• Over a five year period £5.8m is being invested in to Phase 2. The Castlegate to Victoria Quays section is now under construction.

Sustainable Travel

Almost all of the First and Stagecoach fleet will now have cleaner engines

Around £15million will spent on making the city’s transport greener and creating sustainable travel infrastructure for walking, cycling and bus travel.

  • Promoting active travel with more walking routes, segregated cycle lanes and bus lanes.
  • Investing £1.5m from DfT to deliver high quality cycle networks linking the city centre to Broomhall and providing segregated and direct links across the Inner Ring Road.
  • The Council has recently prepared an £85m programme of cycling, walking and bus corridor improvements as part of a further SCR Transforming Cities Fund bid, announcements on which are expected soon.
  • The Council has delivered: cycle loans, invested in a fleet of bikes and ebikes that people can loan for free; provided cycle training to people and Bikeability training to school pupils in Sheffield.
  • Working with Bus companies and government £4.9 million will be invested in to Cleaner Bus Technology Fund to retrofit up to 277 buses to the Euro VI standard.
  • Investing £1.25m to increase access to rapid-charge points for electric cars, with many more charging points planned for the city.
  • Investing £3.4m in to highway changes at Broadfield Road to improve public transport and bus times along the route.

Renewable and Sustainable Energy

  • The Council now purchases electricity generated from 100% renewable sources. This is an increase of 81% since last year.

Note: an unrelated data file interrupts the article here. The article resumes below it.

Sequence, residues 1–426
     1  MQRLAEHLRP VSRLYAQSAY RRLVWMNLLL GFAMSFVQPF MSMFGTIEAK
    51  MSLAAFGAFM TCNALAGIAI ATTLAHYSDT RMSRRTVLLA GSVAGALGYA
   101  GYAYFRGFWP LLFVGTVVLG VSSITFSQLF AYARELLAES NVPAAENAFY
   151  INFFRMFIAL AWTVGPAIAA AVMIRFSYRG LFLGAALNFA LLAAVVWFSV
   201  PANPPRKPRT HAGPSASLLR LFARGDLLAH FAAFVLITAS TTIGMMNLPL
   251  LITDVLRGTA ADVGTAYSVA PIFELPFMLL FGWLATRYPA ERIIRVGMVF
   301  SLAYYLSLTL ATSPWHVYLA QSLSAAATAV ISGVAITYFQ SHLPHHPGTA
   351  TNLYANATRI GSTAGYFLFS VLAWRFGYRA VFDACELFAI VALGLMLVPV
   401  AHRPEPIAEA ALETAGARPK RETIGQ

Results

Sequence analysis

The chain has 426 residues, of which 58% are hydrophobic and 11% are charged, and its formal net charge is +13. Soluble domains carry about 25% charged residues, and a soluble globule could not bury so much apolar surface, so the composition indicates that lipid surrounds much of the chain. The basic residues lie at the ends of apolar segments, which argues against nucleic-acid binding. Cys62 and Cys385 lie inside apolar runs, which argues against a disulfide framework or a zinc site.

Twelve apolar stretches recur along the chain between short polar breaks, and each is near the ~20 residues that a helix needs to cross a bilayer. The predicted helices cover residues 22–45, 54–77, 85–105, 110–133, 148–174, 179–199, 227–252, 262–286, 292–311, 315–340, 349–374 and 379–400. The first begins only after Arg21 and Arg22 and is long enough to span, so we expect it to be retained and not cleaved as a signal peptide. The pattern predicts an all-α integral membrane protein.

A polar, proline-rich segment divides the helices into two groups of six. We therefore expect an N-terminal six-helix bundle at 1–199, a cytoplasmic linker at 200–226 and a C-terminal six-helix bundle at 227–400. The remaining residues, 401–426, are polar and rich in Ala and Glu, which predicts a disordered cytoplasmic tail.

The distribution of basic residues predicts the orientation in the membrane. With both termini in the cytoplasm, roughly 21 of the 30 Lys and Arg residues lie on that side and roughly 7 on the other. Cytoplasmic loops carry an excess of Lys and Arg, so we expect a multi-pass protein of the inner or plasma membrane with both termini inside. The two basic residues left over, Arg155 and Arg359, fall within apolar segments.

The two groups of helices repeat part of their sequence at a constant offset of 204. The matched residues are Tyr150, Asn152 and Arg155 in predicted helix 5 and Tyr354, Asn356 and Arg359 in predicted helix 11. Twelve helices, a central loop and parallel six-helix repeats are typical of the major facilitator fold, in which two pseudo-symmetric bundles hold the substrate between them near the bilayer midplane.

• Energy Surgeries have been established to provide advice on sustainable energy in the home and Smart Energy Meters have been installed for Council tenants – creating a 40% saving for tenants as well as a substantial reduction in wasted energy.
  • Looking to expand heating networks across the city to bring low cost, sustainable heating to many more homes.
  • Spending £5.7m replacing more than 3,000 obsolete boilers and heating systems in council housing, to more efficient systems.

Improving air quality

A clean air zone could be introduced in Sheffield
  • In Summer 2019 the Council consulted on its proposals to introduce a Clean Air Zone to improve emissions from the 19% of vehicles that are responsible for 50% of the Nitrogen Dioxide (NO2) emissions from transport.
    • The planned CAZ C would result in significant improvements in air quality across the city and the consultation showed that 80% of the over 12,000 people in Sheffield responding to the consultation feel the Council should make improving Air Quality a priority.
    • A range of support packages are being developed for drivers of older more polluting vehicles to assist them in upgrading their vehicles instead of paying a daily charge and the council is seeking funding to deliver these from Government.
    • The council is currently awaiting confirmation from Government on its CAZ C proposals and following this the Full Business Case will be finalised and submitted to Government setting out the full proposals.
  • Anti-idling zones are now active outside of all primary and secondary schools, and other notable places such as hospitals and health centres.